al Jabal, just north of the point where it becomes the White Nile
proper. A few lived on the eastern bank. With easy access to fairly
good land along the Nile, they relied much more heavily on cultivation
and fishing than the Dinka and the Nuer did, and had fewer cattle.
The Shilluk had truly permanent settlements and did not move regularly
between cultivating and cattle camps.
Unlike the larger groups, the Shilluk, in the Upper Nile, were
traditionally ruled by a single politico-religious head (reth),
believed to become at the time of his investiture as king the
representative, if not the reincarnation, of the mythical hero
Nyiking, putative founder of the Shilluk. The administrative and
political powers of the reth have been the subject of
some debate, but his ritual status was clear enough: his health
was believed to be closely related to the material and spiritual
welfare of the Shilluk. It is likely that the territorial unity
of the Shilluk and the permanence of their settlements contributed
to the centralization of their political and ritual structures.
In the late 1980s, the activities against the SPLA by the armed
militias supported by the government seriously alienated the Shilluk
Bari, Kuku, Kakwa, and Mandari
Several peoples living mainly to the south and east of the Nilotes
spoke languages of another section of the Nilotic subbranch of
Eastern Sudanic. Primary among them were the Bari and the closely
related Kuku, Kakwa, and Mandari. The Bari and Mandari who lived
near the Nilotes had been influenced by them and had sometimes
been in conflict with them in the past. The more southerly Kuku
and Kakwa lived in the highlands, where cultivation was more rewarding
than cattle-keeping or where cattle diseases precluded herding.
Murle, Didinga, and Others
Two other tribes, the Murle and the Didinga, spoke Eastern Sudanic
languages of subbranches other than Nilotic. The Murle had dwelt
in southern Ethiopia in the nineteenth century and some were still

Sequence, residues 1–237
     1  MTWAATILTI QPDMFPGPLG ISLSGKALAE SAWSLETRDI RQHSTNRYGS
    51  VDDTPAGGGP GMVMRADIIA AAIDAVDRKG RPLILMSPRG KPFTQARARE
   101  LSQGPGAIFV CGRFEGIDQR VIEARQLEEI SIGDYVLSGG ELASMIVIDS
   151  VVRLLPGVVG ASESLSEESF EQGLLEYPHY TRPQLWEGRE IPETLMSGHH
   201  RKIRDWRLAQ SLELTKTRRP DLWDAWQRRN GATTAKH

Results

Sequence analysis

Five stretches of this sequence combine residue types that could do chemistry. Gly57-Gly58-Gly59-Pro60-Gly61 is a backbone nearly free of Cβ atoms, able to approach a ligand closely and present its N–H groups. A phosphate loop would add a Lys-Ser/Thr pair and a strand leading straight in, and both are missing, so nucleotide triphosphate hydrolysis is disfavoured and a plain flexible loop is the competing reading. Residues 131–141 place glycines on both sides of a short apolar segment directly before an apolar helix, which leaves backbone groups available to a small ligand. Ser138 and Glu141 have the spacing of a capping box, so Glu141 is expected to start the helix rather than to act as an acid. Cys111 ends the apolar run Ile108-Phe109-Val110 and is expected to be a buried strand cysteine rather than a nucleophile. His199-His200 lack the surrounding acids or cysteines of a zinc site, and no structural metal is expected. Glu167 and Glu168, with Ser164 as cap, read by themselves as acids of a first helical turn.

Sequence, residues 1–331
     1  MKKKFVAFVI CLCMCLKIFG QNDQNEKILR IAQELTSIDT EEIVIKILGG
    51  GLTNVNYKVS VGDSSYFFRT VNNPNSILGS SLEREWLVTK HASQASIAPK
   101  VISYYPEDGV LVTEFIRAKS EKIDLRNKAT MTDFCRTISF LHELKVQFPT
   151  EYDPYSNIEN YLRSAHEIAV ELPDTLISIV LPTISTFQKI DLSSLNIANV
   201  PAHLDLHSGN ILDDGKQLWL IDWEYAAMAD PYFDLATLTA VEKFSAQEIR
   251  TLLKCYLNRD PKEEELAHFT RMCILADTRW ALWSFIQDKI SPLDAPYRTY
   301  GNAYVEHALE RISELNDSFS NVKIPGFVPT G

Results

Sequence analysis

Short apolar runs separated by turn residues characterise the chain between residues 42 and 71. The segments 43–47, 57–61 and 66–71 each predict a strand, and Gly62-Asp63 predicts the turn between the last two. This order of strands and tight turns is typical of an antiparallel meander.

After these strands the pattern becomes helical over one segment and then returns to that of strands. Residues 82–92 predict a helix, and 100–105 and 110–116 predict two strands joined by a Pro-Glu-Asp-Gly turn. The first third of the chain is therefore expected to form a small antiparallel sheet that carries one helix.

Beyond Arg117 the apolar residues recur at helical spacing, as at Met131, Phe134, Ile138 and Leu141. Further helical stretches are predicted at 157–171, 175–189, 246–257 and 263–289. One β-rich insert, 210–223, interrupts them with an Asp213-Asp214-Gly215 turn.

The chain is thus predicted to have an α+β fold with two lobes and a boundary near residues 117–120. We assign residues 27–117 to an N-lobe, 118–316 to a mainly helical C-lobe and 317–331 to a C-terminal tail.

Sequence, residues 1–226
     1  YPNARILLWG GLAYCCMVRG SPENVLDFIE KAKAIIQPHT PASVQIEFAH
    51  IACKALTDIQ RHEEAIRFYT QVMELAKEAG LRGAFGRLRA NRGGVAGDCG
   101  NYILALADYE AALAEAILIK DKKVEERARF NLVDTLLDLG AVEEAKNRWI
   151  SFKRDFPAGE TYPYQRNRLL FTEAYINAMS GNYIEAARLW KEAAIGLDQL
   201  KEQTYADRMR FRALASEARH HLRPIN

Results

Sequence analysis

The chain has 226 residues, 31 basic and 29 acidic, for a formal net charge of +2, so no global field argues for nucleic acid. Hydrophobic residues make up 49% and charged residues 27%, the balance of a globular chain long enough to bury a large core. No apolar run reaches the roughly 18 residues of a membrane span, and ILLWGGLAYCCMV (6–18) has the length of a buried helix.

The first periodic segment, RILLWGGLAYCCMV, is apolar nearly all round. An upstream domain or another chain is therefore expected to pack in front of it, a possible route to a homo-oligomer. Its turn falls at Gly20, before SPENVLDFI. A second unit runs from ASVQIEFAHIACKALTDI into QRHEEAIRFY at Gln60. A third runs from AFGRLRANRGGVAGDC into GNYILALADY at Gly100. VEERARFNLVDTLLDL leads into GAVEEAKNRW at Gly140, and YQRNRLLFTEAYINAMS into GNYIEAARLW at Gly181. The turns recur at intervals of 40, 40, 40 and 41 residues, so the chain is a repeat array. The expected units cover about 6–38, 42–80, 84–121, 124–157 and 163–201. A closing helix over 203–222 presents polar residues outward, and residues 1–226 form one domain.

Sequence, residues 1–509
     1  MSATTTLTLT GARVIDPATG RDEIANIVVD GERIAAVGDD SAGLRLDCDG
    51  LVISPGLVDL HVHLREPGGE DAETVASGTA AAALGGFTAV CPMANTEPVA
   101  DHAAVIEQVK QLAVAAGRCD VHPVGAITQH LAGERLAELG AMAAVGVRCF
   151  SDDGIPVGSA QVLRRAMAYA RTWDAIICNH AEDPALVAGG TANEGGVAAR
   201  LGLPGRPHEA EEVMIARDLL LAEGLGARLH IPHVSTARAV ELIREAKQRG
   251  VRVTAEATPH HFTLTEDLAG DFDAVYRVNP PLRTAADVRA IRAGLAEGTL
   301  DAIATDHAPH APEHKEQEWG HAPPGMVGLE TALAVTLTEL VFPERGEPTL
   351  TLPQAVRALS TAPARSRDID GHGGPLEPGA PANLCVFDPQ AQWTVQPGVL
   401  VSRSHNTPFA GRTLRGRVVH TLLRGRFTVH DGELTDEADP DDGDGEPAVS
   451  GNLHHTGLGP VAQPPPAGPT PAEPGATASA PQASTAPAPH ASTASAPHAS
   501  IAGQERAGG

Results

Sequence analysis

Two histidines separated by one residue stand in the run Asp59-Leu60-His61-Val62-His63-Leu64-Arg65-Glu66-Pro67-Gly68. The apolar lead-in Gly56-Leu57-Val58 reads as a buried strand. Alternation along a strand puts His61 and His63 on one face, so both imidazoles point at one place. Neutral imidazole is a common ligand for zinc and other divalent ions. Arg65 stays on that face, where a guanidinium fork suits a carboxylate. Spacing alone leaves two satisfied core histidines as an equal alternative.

there in the 1990s. Others had moved west and had driven out the
local Nilotes, whom they reportedly regarded with contempt, and
acquired a reputation as warriors. Under environmental pressure,
the Murle raided other groups in the late 1970s and early 1980s.
Along the mountainous border with Ethiopia in Al Awsat State
lived several small heterogeneous groups. Some, like the Uduk,
spoke languages of the Koman division of Nilo-Saharan and were
believed to have been in the area since antiquity. Others, like
the Ingessana, were refugees driven into the hills by the expansion
of other groups. Most of these peoples straddling the Sudan-Ethiopia
border had experienced strife with later-arriving neighbors and
slave-raiding by the Arabs. All adapted by learning the languages
of more dominant groups.
In western Al Istiwai and Bahr al Ghazal states lived a number
of small, sometimes fragmented groups. The largest of these groups
were the Azande, who comprised 7 to 8 percent of the population
of southern Sudan and were the dominant group in western Al Istiwai.
The Azande had emerged in the eighteenth and nineteenth centuries
when groups of hunters, divided into aristocrats and commoners,
entered the northeastern past of present-day Zaire (and later
southwestern Sudan) and conquered the peoples already there. Although